I wrote the short obituary below in 1987 at the request of one of our family friends, Mr Latif, who published a local magazine for elderly Asians.
We regret the death of Mr Mehrban on 10 March. He was one of the Asian pioneers in Manchester.
He was born in the village of Chuhiki in Jullundur, India around 1905, the eldest of six children. His father died tragically at an early age. The family were left in great poverty, so Mr Mehrban set off in 1931 for England. He could not speak any English, but knew that he would find in Manchester two or three Asians, who would unselfishly help him. Even now, with tens of thousands of Asians in Manchester, some of us remember the times when there were so few that you knew everyone, and each one was a friend.
The 1930's was the "Great Depression", and even for the native English work was hard to find and lowly paid. What hope for Asians, who did not even speak the language? His friends helped Mr Mehrban to buy enough clothing to fill a large suitcase. With this he tramped the streets selling door to door in his broken English. It was a hard life, but it kept him fit, paid better than working as a labourer and provided enough money to send home to India for the family.
Religion was a great source of strength to men who had left their wives and children behind to live in a foreign land. One Eid, Mr Mehrban organised and paid for a meal at the Bombay restaurant on Upper Brook Street. After it his friends collected money to repay him. Mr Mehrban refused the money, and banked it as the first step towards a Mosque in Manchester. Many of us later gave money to build the Victoria Park Mosque, but we owe a debt to Mr Mehrban and his friends who showed us the way.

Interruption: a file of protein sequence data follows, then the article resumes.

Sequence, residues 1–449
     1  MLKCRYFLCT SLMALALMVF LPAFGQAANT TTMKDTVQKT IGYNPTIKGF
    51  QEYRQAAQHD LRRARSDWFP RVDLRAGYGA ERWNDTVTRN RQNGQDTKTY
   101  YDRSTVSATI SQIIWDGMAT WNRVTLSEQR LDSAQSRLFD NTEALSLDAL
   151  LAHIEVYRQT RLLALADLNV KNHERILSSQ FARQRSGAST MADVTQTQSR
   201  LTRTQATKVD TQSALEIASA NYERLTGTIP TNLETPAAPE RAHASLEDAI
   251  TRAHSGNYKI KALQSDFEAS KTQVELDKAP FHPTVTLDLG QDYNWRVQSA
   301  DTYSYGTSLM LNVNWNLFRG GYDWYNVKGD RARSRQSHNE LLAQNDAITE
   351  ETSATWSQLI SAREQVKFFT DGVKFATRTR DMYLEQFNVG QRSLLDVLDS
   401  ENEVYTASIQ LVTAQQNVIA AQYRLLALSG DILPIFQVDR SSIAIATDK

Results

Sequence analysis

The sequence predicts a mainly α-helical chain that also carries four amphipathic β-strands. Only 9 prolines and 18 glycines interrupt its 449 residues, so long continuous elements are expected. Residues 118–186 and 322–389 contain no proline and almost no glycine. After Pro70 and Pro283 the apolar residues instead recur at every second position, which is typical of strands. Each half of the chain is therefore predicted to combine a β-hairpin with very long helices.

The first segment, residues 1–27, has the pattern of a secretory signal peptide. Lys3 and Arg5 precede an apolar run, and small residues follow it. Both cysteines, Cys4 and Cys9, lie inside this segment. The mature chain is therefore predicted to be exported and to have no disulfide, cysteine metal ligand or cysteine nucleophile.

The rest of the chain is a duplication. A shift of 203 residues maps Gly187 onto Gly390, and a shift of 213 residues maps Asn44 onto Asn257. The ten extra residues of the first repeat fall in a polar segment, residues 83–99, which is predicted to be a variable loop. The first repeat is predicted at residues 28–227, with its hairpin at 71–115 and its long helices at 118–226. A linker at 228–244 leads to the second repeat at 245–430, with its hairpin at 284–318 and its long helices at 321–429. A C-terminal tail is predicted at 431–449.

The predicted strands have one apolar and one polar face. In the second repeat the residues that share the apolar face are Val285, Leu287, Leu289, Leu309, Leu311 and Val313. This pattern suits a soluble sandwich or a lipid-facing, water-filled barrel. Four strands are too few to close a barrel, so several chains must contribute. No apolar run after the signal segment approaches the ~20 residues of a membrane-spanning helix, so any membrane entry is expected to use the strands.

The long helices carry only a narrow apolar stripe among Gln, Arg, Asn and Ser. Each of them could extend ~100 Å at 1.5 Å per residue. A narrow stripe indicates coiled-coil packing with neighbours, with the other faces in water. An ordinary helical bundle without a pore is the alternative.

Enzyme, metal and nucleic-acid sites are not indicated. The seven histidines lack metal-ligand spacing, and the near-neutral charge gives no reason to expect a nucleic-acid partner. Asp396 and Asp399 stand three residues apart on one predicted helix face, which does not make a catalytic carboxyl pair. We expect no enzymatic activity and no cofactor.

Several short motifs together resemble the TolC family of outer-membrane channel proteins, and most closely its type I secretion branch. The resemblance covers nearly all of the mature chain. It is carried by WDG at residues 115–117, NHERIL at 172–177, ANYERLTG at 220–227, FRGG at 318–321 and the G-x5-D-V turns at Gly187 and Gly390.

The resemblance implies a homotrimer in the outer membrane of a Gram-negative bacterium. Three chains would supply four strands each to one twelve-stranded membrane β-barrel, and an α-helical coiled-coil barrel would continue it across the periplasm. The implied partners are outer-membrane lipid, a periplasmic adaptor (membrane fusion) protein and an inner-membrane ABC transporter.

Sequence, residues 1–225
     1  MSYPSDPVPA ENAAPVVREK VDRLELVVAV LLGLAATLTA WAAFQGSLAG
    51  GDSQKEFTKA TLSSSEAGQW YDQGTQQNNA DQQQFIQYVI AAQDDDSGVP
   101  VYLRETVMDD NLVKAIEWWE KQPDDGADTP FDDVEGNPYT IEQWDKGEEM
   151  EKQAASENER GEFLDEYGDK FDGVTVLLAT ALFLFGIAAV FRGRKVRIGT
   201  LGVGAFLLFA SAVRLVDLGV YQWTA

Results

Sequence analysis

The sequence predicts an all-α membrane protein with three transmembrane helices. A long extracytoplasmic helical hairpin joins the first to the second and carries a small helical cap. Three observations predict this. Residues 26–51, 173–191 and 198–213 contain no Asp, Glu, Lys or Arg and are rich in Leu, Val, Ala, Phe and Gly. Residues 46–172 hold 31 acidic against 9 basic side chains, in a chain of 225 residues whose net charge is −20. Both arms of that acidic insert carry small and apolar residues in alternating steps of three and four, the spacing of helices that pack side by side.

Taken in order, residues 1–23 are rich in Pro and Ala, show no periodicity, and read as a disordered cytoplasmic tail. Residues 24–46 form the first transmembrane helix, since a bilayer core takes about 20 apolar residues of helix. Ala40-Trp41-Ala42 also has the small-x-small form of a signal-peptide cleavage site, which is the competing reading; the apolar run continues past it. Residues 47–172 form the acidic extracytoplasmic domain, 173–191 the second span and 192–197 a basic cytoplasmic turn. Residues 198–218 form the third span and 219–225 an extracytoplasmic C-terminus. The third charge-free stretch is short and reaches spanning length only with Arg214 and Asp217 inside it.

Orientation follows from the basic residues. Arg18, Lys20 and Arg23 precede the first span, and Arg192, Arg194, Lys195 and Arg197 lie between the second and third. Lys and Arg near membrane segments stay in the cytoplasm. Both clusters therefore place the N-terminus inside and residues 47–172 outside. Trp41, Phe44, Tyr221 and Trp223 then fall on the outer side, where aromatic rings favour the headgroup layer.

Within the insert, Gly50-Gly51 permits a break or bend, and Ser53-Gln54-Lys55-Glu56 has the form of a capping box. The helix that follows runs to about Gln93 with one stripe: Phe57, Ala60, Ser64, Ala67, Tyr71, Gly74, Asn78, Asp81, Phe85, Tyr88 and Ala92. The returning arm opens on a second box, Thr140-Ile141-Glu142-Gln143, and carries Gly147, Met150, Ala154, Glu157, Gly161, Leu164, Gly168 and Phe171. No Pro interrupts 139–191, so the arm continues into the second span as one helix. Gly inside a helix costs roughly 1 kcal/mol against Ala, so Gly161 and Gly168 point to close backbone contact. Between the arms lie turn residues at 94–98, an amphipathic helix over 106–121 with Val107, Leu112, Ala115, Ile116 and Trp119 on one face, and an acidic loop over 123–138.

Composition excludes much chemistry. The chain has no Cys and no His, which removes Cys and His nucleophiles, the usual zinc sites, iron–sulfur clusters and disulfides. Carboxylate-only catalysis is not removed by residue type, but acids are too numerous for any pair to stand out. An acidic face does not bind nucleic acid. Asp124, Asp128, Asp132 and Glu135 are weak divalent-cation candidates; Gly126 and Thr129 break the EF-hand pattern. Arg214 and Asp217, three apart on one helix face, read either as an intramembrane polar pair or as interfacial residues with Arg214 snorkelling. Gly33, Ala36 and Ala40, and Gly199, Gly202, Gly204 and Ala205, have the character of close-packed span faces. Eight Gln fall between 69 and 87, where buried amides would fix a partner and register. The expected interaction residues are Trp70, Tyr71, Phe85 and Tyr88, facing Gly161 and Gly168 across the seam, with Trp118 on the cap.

Grief was commonplace in those days. He left India while his wife Riaban was expecting their first child. His daughter Hamida died at the age of 12, but Mr Mehrban had never seen her. In 1947 he returned to the horrors of Partition, and spent six months amongst refugee camps finding his wife. Another daughter Rashida was born, who delighted in playing with him. She was under 2 when he left again for England in 1950, but he never saw her again. (He cherished his last daughter, Rabina, and her children Samina, Anjum and Saleem.)
Later in 1950, he learned that God had at last given him a son, Mohammed Amin. His friends suggested he buy them all a drink! He refused, but organised a meal attended by not only the Indian Muslims but many Syrians who were here to study. Afterwards, they wanted to take a collection for his son. He refused and asked them all, together, to seek a blessing from God that his son would grow to be as educated as themselves. In his later years, Mr Mehrban always said that God must have listened to them, as he proudly watched his son attend grammar school, graduate from Cambridge University, qualify as a Chartered Accountant, and marry his wife Tahara.
In 1980, Mr Mehrban suffered a serious heart attack. However, God was kind to him. Afterwards, he lived to go on Hajj, to see his grandsons Ibrahim and Ismail and his granddaughter Scheherazade who played with him every day until he died.